This Historic Warsaw Hotel Just Got a Luxurious Makeover — and It's Going to Make You Dream About Poland
With its sleek design, contemporary art, and modern comforts, at first glance Raffles Europejski appears to be a newcomer in the luxury hotel industry. Look more closely, though, and you will find artifacts providing clues to its 160-year-old past. As I meandered the halls of the hotel and dived into its history of war and legal battle, of success and cultural prominence, I felt the weight of all that it had endured and overcome.
Designed by Polish-Italian architect Henryk Marconi, Hotel Europejski (the European hotel) welcomed its first guests on the Royal Route in 1857. It did not take long before it earned a reputation among high society as one of Europe’s leading hotels. Members of the city’s artistic community — from painters to writers and poets — were especially drawn to the Neo-Renaissance building, some of whom — including Józef Chełmoński, Antoni Piotrowski, and Stanisław Witkiewicz — set up studios in the building’s upper floors.
Flash forward to World War II. The Europejski managed to weather the Luftwaffe’s aerial campaign in 1939, but was nearly destroyed during the Warsaw Uprising and German army’s retreat five years later. Although the exterior of the building survived, little else remained.
After a temporary stint as a military academy, Hotel Europejski saw a complete overhaul when it reopened as Orbis Hotel Europejski under Polish hotel group Orbis in 1962. The world-renowned hotel returned to a likeness of its former glory, its renowned grandeur limited during renovations by a tight budget and socialist influence. Nevertheless, the hotel once more became an oasis for the elite. The Europejski has welcomed the likes of the Rolling Stones, Marlene Dietrich, and Robert Kennedy, and in the 1980’s, famous writers, actors, and directors would frequently visit the corner restaurant when they were done filming a scene or performing a show. It was then "the place to be," said co-owner Vera Michalski-Hoffmann in the latest issue of Raffles Magazine.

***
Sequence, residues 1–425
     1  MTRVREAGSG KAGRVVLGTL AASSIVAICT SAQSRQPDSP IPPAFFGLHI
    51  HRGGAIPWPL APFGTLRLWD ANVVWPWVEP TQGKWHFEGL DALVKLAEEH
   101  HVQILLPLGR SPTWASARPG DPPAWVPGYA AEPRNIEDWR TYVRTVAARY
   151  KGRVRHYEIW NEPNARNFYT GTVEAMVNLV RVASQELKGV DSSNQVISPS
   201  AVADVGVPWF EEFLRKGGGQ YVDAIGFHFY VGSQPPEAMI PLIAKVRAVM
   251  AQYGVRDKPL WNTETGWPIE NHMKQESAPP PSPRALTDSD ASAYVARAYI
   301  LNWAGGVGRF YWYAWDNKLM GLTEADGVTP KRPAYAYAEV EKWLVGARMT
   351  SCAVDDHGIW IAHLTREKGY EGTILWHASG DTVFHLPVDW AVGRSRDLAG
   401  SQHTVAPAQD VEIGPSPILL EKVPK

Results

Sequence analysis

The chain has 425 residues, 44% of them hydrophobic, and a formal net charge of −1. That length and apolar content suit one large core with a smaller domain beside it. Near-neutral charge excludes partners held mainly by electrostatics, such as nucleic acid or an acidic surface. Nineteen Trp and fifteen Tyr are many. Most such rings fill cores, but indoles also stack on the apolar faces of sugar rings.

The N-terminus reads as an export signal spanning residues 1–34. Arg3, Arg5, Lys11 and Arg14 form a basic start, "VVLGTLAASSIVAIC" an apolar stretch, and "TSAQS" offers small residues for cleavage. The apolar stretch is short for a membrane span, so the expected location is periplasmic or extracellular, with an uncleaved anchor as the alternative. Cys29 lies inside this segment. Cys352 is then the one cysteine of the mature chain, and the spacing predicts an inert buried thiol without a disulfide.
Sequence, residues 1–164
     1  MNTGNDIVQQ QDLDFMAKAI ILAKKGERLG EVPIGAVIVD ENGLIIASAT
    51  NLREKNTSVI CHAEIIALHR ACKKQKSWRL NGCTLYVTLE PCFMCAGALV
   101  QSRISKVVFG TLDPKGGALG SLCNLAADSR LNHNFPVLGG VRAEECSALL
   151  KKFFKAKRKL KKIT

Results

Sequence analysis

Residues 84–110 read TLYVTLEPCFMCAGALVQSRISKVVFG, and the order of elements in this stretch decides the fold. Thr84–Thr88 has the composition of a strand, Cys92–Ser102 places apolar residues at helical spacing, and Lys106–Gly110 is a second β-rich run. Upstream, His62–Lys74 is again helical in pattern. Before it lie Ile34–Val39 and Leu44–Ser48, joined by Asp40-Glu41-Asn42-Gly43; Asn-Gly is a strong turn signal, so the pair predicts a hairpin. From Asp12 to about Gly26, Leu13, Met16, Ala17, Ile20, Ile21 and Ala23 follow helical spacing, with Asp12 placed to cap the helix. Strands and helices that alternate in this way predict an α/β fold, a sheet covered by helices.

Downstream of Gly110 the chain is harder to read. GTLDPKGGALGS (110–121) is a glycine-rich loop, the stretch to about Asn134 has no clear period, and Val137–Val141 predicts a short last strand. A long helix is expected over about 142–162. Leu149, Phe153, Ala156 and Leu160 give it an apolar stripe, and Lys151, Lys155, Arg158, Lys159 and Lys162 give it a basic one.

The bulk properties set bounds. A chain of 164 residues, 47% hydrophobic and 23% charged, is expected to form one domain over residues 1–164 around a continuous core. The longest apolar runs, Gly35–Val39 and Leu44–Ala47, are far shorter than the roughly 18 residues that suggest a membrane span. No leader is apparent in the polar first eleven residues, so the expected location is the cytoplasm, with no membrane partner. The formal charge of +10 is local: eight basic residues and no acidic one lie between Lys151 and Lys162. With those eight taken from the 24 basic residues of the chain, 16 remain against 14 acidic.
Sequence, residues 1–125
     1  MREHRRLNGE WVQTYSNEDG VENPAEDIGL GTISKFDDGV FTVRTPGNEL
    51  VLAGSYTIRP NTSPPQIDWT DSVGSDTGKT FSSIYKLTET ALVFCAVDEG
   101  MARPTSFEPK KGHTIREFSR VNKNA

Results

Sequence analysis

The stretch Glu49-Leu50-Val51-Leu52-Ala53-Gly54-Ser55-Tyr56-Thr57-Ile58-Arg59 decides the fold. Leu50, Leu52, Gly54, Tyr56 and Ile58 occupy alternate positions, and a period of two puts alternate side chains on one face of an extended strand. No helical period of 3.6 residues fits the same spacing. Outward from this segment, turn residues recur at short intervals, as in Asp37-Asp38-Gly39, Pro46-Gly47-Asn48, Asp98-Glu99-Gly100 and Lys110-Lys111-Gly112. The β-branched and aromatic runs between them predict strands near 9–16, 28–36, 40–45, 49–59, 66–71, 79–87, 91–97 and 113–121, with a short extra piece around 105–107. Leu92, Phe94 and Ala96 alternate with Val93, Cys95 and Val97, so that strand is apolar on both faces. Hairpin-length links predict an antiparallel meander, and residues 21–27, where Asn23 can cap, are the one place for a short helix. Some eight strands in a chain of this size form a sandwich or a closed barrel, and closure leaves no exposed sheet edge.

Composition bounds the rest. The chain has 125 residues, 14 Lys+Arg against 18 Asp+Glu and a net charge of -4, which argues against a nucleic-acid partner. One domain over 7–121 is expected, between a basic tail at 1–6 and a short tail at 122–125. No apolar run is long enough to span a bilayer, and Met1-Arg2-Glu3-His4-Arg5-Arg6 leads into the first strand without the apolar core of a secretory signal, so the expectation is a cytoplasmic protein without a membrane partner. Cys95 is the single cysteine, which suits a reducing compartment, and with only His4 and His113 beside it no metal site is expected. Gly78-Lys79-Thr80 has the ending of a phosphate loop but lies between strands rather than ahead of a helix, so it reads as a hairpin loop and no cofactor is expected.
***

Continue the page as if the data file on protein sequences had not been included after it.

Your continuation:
Following a few thriving decades, the Orbis era came to a close: the heirs of the original Hotel Europejski sued the hotel group in 1993 to regain ownership of what they believed was rightfully theirs. Twelve years later, the heirs won their case.
After the Europejski closed in 2013 for reconstruction, it reopened its doors in June 2018 under luxury hotel brand Raffles. Like all hotels under Raffles management, Raffles Europejski Warsaw reflects the culture and vibe of the surrounding city, and in this case pays the utmost respect to both the building and Warsaw’s dynamic history. “Maintaining the cultural heritage by restoring this historical landmark to its original splendour has been of paramount importance,” said Michalski-Hoffmin.